Scary Celebrity Close Up: Roger Corman, The B-Movie King

If you’re like me, the end of the summer movie season means it’ll be at least nine months before your next chance to see a superhero on the big screen trading deathblows with an alien. If you need an off-season fix for a blockbuster, you might...
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If you’re like me, the end of the summer movie season means it’ll be at least nine months before your next chance to see a superhero on the big screen trading deathblows with an alien. If you need an off-season fix for a blockbuster, you might...

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If you’re like me, the end of the summer movie season means it’ll be at least nine months before your next chance to see a superhero on the big screen trading deathblows with an alien. If you need an off-season fix for a blockbuster, you might instead try a shlockbuster. With their indecipherable plot lines, bad acting, and dialogues seemingly written by Google translator—these B-movies will make it feel like the summer never ended. For a healthy dose of low-budget goodness, it’s best to go right to the source. Known as the king of the B-movie genre, Director Roger Corman has directed dozens (and produced hundreds) of bargain-basement flicks with such classic monikers as: Attack of the Crab Monster, Teenage Caveman, and the 1955 motion picture, Swamp Women. Watch a mini bio of Corman:

To be fair, Corman never set out to make masterpieces. He worked with no-name actors, blazed through 10-day production schedules, and routinely spent less on a film than most people do on a luxury sedan. His moviemaking style had the pragmatic efficiency of an engineer—an area in which he earned an undergraduate degree from Stanford. When he graduated in 1947, the Detroit-born Corman got a job as a bike messenger at 20th Century Fox Studios. He sold his first script—a desert chase movie culminating in a shootout—and used the $5,000 to help fund his first film Monster from the Ocean Floor. His place in Hollywood history had begun. Despite often lacking minor details like good lighting, credible special effects, and, sometimes, set furniture, Corman’s films have amassed a cult following among moviegoers for decades. And the best thing (if you don’t include teenage cavemen or crab monsters) is the fact that Corman mentored and helped make famous many up-and-coming actors and filmmakers who would later ascend to Hollywood royalty. Take his 1960 film Little Shop of Horrors, which Corman spent only two days to shoot. The film was only a modest success during its time, but it slowly gained a foothold at midnight screenings and college campuses. Later, it would spawn a Broadway musical and a 1986 remake. But above all that, the 1960 version is possibly best known for featuring a young, wide-grinned actor by the name of Jack Nicholson. Nicholson in 'Little Shop of Horrors' trailer:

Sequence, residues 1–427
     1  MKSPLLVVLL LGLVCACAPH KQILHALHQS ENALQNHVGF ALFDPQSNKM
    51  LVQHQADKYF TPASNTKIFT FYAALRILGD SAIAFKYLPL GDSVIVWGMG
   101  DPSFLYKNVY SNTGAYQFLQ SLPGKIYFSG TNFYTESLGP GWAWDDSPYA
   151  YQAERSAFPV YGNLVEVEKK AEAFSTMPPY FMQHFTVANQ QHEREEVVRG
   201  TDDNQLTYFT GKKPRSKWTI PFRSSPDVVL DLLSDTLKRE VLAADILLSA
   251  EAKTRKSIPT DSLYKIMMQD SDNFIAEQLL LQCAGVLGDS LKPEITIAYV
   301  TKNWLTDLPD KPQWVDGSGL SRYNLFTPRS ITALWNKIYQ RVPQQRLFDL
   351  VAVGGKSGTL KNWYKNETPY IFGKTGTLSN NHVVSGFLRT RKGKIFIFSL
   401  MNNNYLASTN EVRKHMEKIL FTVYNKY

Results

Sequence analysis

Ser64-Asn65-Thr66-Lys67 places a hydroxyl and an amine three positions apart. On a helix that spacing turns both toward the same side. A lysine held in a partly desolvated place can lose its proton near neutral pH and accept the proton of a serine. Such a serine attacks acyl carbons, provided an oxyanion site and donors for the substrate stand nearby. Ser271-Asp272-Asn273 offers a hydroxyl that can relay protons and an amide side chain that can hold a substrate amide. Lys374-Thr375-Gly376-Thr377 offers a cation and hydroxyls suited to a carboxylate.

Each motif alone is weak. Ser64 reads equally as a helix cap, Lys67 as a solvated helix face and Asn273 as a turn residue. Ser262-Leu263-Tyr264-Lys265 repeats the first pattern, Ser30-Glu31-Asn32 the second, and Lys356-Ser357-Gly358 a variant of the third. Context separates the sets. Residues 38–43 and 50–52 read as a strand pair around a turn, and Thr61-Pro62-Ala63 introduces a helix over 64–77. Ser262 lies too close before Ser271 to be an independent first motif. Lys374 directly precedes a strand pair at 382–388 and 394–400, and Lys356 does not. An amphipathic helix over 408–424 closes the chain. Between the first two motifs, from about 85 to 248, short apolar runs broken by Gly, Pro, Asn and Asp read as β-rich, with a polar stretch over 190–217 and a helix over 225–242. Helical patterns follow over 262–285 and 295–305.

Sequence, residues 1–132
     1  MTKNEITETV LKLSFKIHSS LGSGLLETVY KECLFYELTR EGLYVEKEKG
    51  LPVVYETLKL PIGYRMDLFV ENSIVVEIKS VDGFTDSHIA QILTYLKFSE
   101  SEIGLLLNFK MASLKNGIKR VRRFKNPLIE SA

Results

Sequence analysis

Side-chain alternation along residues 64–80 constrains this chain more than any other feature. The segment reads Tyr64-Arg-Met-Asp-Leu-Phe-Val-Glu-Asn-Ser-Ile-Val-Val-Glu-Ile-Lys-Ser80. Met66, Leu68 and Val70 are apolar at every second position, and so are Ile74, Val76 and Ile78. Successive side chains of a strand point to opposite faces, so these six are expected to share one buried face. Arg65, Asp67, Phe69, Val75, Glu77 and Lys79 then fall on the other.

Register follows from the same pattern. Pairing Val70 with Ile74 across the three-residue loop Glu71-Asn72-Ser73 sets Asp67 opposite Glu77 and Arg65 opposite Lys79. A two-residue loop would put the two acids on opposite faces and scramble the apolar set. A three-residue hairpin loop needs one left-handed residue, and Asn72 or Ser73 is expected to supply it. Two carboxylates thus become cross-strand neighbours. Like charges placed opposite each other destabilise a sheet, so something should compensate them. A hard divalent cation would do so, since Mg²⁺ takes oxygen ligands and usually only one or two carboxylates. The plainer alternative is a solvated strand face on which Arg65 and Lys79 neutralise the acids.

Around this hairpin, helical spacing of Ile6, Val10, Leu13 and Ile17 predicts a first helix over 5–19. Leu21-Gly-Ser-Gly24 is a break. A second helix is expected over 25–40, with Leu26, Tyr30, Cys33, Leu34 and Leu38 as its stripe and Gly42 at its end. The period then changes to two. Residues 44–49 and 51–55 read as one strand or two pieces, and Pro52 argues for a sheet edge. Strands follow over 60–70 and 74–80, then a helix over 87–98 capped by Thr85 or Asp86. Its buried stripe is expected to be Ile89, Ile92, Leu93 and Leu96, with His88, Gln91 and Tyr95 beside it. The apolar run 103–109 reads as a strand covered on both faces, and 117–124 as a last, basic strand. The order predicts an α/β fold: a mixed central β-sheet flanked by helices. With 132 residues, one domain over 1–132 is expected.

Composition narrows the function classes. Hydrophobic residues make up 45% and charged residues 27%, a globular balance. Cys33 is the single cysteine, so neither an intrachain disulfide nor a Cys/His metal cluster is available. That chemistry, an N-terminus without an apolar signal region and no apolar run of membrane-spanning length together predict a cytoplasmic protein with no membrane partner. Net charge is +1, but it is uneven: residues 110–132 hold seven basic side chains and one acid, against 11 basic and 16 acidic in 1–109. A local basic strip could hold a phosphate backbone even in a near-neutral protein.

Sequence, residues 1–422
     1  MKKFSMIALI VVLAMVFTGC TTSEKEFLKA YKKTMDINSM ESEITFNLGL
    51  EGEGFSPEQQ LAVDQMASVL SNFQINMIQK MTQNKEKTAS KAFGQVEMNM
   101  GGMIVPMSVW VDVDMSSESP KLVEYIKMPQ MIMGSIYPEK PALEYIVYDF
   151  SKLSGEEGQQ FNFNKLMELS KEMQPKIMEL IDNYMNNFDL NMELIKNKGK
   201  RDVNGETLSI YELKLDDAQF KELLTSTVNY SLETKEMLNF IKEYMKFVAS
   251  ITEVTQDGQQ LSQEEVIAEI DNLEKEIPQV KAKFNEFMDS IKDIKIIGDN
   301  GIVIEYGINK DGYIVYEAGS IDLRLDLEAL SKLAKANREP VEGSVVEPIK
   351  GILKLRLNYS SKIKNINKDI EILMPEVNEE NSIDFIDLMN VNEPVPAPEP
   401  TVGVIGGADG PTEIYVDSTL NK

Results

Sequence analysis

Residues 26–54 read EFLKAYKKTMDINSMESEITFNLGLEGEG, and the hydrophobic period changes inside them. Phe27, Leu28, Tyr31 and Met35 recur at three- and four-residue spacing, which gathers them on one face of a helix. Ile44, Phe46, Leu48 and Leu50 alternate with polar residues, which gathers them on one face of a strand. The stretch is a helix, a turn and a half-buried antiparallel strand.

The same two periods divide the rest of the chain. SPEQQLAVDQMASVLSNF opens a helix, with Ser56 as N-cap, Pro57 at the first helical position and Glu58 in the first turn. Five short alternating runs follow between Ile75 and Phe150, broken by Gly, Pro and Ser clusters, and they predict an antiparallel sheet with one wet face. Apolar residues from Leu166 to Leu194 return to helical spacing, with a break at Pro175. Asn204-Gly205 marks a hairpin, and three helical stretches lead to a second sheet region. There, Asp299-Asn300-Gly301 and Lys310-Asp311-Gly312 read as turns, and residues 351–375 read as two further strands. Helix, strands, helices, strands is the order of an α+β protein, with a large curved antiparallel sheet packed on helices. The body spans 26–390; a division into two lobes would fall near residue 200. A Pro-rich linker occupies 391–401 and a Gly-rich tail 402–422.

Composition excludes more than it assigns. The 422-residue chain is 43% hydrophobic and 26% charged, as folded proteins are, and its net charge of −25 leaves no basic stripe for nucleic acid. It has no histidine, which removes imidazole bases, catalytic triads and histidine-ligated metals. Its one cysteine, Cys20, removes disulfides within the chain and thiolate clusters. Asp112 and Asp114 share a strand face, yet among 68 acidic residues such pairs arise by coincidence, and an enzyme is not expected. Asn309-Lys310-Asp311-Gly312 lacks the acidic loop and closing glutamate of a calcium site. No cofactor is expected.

Decades before he was King of the World, director James Cameron was a 26-year-old model maker, working in the special effects department on Corman’s sci-fi film Battle Beyond the Stars. Midway through the film, Corman noticed Cameron’s careful eye for detail and promoted the future Avatar director to head of special effects. Battle Beyond the Stars might not have a copious supply of unobtanium or legions of tree-hugging Na’vai, but what it lacks in cinematography it makes up in generous helpings of George Peppard, hot-dog eating aliens, and spaceships handcrafted by Cameron himself. Watch the 'Battle Beyond the Stars' trailer:

Corman also worked with tough guys. For those of you who’ve seen the 1975 cinematic blood-fest Death Race 2000, which Corman produced, you know that there was a future boxing champ in the works by the name of Machine Gun Joe Viterbo (a.k.a. Sylvester Stallone). It would be a year before the Italian Stallion would break through in the movie Rocky. Can you find Sly?

Corman's list of illustrious former coworkers goes on. The vivacious 86-year-old also helped catapult into stardom Peter Fonda, Dennis Hopper, and William Shatner. Martin Scorsese, Ron Howard, and Francis Ford Coppola also received tutelage from Corman before becoming Hollywood brass. Considering his track record, it's no wonder he's still being paid to make movies. Recent years have given him a resurgence, with the release of such modern classics as Dinoshark, Supergator, and Sharktopus. Say what you want about the trashy sheen of his films, Corman's unique eye for talent and unwavering commitment to lowbrow art has stood the test of time.